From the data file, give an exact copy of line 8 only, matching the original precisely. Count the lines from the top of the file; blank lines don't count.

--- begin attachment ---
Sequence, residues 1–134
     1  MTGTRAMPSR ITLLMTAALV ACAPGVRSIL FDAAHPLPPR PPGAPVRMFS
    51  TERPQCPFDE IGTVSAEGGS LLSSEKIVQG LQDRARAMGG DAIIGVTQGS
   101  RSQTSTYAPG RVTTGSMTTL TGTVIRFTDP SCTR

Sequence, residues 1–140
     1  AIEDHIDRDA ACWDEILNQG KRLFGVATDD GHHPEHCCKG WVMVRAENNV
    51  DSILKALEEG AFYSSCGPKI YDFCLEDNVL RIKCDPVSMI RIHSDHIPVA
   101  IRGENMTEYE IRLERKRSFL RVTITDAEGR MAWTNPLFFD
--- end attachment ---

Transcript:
   101  IRGENMTEYE IRLERKRSFL RVTITDAEGR MAWTNPLFFD